The usual rep practice is to use a variety of rep ranges: 5-7 (low), 10-12 (medium), and 15-20 (high). If you use different rep ranges for a muscle group and train intensely to failure, you may hit 80% or so of the muscle fibers in a muscle.
Some physiological factors such as the ratio of fast-twitch to slow-twitch fibers in your muscles are genetically determined, but others, such as the speed of nerve impulses, which can be improved by both plyometric exercises and weight training, are only resistant to exercise-induced change.
There is a simple way to determine in your own gym what your ideal rep ranges are for your various muscle groups. The problem with it is that it does involve determining your one-rep maximum weight on various exercises.
Although the danger can be minimized, in general it's dangerous to use very low reps.
Nevertheless, doing them can be productive. Because they strengthen tendons and ligaments more than higher reps, they are important in building strength.
In this particular case, it has nothing to do with ego; it has to do with running a calculated risk in order to train more efficiently. (I (Dennis) have never hurt myself doing heavy singles, but, then, I only do them occasionally.) If they use them at all, folks in their sixties and beyond should only infrequently use very low reps.
If you don't want to bother doing the testing, you probably won't go far wrong if you keep your reps between 8 and 15.
Whew! This stuff can get complicated, can't it? Well, the other way to look at it is that it's interesting and enables you to understand why weight lifting routines achieve fat loss.
There's still a lot to be understood about how to build more lean muscle mass, and we doubt that any single person understands everything that is already known.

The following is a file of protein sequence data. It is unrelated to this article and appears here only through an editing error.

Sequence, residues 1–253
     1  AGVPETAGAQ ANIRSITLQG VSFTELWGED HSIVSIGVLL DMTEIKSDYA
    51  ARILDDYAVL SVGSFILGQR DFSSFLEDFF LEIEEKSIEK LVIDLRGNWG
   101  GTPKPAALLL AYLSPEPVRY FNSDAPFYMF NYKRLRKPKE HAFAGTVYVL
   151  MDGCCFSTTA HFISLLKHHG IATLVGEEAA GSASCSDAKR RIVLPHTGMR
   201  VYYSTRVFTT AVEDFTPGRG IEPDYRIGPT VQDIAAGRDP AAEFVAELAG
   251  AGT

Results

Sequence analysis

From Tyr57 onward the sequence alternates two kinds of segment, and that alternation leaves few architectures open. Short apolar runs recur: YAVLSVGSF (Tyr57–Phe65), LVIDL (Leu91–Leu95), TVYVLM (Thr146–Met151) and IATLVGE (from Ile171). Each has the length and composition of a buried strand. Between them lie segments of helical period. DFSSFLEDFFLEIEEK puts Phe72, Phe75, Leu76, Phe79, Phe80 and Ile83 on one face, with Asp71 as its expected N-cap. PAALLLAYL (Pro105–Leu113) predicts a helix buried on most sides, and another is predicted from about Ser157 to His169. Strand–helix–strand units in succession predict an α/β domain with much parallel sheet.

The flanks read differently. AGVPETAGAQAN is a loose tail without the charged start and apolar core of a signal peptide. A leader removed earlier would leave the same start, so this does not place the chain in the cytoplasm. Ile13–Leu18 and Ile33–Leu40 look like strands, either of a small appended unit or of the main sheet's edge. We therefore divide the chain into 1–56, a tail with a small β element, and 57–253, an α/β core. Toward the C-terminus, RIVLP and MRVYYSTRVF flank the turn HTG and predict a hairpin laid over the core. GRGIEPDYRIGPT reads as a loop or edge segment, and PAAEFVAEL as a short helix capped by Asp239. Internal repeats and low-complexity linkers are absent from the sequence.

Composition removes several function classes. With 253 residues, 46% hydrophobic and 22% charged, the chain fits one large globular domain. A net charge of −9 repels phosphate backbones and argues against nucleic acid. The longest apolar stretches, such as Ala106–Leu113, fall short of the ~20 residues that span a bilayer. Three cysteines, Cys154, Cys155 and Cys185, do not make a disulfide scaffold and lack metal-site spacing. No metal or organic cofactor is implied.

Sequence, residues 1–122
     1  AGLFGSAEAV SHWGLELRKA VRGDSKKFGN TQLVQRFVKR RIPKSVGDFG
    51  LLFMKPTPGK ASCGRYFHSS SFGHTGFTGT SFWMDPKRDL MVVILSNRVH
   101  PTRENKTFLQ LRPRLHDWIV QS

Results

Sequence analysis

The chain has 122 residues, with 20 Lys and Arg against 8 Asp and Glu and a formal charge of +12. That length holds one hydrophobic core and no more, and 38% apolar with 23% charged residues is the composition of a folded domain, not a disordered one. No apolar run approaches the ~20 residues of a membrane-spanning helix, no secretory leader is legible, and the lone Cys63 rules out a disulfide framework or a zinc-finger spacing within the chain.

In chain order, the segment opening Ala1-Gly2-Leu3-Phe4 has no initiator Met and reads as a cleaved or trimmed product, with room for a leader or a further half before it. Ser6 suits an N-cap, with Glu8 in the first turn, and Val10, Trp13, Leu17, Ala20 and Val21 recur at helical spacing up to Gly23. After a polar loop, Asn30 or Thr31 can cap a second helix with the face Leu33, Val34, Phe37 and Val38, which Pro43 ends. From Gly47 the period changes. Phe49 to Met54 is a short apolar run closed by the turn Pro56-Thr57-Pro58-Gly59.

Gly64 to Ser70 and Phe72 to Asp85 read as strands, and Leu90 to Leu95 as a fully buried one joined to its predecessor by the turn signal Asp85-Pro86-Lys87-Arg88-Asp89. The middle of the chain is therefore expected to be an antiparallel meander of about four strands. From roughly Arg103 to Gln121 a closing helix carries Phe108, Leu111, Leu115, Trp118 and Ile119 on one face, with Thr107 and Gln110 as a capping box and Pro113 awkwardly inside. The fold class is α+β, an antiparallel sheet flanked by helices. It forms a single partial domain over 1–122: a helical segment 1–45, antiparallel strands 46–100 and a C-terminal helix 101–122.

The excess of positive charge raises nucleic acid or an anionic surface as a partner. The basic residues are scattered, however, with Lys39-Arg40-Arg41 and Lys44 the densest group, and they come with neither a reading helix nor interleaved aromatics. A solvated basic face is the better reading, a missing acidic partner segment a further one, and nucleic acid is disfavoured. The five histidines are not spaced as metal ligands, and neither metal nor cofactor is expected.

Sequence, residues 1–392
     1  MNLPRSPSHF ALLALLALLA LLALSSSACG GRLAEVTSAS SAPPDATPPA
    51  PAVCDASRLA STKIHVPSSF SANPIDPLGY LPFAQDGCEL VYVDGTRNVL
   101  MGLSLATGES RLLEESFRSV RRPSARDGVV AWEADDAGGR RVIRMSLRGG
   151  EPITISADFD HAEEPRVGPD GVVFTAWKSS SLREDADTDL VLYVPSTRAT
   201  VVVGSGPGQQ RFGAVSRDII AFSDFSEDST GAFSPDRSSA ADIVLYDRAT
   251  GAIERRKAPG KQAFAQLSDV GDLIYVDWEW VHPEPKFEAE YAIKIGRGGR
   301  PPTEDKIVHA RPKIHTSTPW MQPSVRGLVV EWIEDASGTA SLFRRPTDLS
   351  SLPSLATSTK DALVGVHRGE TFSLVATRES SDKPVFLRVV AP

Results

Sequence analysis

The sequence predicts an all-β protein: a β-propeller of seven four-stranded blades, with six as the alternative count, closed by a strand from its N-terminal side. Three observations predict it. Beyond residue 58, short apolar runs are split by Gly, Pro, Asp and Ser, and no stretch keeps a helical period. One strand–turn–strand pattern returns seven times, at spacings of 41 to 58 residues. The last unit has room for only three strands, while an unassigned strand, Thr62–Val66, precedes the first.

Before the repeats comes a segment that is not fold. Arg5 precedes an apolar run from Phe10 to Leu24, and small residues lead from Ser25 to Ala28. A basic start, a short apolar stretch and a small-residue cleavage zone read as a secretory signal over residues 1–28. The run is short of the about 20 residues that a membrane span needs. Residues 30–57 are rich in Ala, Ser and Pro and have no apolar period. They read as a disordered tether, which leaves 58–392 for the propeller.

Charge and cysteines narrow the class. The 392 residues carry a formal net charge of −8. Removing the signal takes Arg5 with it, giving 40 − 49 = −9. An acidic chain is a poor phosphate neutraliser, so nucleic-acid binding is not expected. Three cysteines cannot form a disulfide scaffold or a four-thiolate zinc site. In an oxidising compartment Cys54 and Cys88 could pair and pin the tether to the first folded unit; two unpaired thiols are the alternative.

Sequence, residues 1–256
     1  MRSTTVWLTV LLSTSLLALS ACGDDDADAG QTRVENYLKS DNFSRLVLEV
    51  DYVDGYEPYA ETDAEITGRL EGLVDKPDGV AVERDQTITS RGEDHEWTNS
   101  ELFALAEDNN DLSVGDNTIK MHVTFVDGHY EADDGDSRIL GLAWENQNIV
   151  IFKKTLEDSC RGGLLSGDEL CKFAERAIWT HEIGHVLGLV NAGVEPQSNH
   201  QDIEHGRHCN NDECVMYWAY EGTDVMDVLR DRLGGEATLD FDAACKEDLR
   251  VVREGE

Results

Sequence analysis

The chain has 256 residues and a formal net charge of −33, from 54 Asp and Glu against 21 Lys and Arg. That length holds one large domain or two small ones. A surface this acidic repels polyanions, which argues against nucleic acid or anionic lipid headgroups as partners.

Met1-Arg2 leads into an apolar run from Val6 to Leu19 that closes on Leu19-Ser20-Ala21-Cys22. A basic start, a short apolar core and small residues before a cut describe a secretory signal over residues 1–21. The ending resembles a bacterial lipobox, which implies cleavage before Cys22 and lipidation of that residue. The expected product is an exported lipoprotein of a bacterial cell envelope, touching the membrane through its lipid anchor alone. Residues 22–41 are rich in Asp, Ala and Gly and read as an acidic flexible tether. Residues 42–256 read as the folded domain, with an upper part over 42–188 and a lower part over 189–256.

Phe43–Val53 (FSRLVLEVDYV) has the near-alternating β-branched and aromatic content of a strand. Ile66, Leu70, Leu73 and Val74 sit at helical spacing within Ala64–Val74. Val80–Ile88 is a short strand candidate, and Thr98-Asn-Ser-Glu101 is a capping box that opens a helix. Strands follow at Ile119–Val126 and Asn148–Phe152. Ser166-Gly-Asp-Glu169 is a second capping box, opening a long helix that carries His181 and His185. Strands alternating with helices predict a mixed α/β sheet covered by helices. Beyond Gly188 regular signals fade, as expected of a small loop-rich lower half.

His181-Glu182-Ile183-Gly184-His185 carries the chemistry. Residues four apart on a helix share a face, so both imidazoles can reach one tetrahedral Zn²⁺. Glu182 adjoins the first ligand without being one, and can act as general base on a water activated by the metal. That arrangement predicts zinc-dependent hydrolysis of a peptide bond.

Point: keep your mind engaged in your training. Never stop learning.
There are many ways to do split routines, and we suggest that you investigate them for yourself (see the three books recommended below). Here's a bodybuilding program that I've tested thoroughly and like. We adapted it from Lawson's X-Treme Lean.
Feel free to adjust the rep ranges to suit your genetics.
It is imperative to keep continuous tension throughout each rep. Use power pulses on every exercise except deadlifts. Unless otherwise noted, rest 60 seconds between all sets. Keep whatever rest period you select consistent. The exception is the drop sets: do not rest between the three sets. Go to positive failure in all sets (except for deadlifts and squats where you should stop one rep short). Always keep form strict and avoid using momentum. Measure TULs and keep them over 30.
This program involves drop sets and supersets. If you are new to weight lifting routines, we do not recommend using such intensity tactics.
Intermediate trainees of weight lifting routines may use them sparingly.
If you have never tried a power lifting routine (as opposed to a body building routine), we encourage you to do so. The Wendler book (listed below) is excellent. You may only want to do power lifting or you may want to mix body building routines with power lifting routines.
Highly recommended books
If you gained useful information from this weight lifting routines page, the following books are highly recommended.
These are our top suggestions:
Click on the first link listed below to go to our page on protein shakes.
Our web pages to help you further
In this the strength/weight training section of our website we have the following pages:
You will find the direct links to those pages on our site map/index, which is listed at the bottom of the navigation/menu buttons, to the left of this page.
Meanwhile, here are some of those links:
Weightlifting Tips, Part 1 Tips, Part 2
Weightlifting Tips, Part 1
Tips, Part 2Alternatively, use the page link, at the very bottom of the page, to go to the Strength Training main page, which is the first page in this section of our website.